News Flash

* Hampton City News

Posted on: June 15, 2017

City Council approves roadmap for downtown, expands rental district


June15, 2017 – City Council on Wednesday approved an updated Master Plan for the downtown area. The updates included recommendations from the downtown business group, Hampton First, other groups and residents and focused primarily on areas that weren’t detailed in the 2004 plan, pushing outward to Interstate 64 and including the former Harbor Square area that is now publicly owned.

A residential market study suggested the number of homes and apartments needs to increase by more than 400% to create a critical mass and attract retail and offices.

Other plan proposals include:

  • A seafood center at the King Street waterfront for seafood, marine research and technology, with expanded public access to the water;
  • Mix of residential and retail on the former Harbor Square site;
  • Developing the industrial sites between I-64 and Armistead Avenue into office, retail or tourism, with green space along Bright’s Creek; and
  • Commercial development along Armistead Avenue toward Coliseum Central.  

In other action, City Council:

  • Voted to expand the North Phoebus Rental Improvement District to include homes across North Mallory Street to North Hope Street. Property Maintenance Manager Phil Russell told Council that the rental inspection program was going well, getting cooperation from property owners and renters. So far, there have been 430 inspections identifying 2,506 violations. The goals of the program include ensuring that citizens have safe, decent and sanitary living conditions, reducing blight and stabilizing neighborhoods.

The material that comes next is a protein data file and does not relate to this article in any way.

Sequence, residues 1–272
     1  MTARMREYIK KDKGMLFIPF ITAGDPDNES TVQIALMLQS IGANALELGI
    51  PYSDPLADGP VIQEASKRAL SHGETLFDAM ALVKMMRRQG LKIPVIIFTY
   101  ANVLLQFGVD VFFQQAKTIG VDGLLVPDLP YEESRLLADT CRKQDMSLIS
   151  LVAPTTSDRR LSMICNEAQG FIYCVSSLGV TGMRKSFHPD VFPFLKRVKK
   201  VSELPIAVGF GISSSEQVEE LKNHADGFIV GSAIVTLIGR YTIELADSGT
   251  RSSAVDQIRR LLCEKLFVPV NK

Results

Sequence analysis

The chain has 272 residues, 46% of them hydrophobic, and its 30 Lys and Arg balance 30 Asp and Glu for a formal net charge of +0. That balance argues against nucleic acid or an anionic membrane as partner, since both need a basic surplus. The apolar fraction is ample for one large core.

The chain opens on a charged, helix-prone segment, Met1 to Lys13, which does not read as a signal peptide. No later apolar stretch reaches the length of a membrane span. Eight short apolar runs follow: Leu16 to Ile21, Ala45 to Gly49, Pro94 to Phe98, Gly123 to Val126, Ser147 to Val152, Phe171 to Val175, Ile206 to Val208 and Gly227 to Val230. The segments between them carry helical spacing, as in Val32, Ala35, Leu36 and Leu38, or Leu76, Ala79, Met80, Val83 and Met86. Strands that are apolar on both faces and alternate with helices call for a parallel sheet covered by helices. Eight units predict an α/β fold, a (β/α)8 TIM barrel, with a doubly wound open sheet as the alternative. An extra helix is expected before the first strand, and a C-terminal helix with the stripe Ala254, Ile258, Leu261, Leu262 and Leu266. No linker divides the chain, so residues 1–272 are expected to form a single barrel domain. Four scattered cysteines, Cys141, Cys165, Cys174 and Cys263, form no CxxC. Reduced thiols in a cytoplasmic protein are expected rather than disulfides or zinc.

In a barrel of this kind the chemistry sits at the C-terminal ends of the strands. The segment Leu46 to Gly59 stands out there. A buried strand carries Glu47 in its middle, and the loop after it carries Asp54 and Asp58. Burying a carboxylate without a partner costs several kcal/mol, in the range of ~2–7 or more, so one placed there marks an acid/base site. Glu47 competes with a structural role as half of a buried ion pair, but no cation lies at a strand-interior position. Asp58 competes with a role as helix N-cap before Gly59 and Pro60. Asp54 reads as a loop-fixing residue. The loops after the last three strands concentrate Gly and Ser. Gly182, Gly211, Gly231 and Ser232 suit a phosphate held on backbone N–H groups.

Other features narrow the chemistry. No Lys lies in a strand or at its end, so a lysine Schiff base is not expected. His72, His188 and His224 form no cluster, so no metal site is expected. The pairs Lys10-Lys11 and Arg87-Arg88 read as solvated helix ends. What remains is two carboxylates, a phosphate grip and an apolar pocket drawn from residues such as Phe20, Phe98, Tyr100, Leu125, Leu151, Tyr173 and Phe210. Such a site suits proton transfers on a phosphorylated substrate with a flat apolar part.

• Approved a monopole cell tower at 1605 Aberdeen Rd. near Mercury Boulevard behind Dollar General.
  • Decided against moving forward to set a limit on the number of animals allowed per household but agreed to continue discussions of amending the leash law. Hampton’s leash law currently allows for animals to be either on a leash or under the owner’s voice control in public. The Animal Control Advisory Committee has recommended a physical leash. Public input online offered mixed results, with residents uncertain whether there was a problem now with unleashed dogs but with 75% of respondents favoring a leash requirement.
  • Heard a report from the city’s police and fire chiefs on continuing efforts to diversify the city’s public safety employees. “Within the regional and national statistics, we are in very good standing, but we do have areas we can improve on,” noted Police Chief Terry Sult. Both divisions have increased recruiting efforts for short-term but are also working on long-term efforts to work with youth through summer camps, Scout groups, a cadet program and Hampton City Schools.
  • Heard a report from Hampton Roads Transit on potential bus rapid transit routes. One of the regional routes identified starts in downtown Hampton, along Mercury and to downtown Newport News, while the other two potential routes are solely in Newport News.

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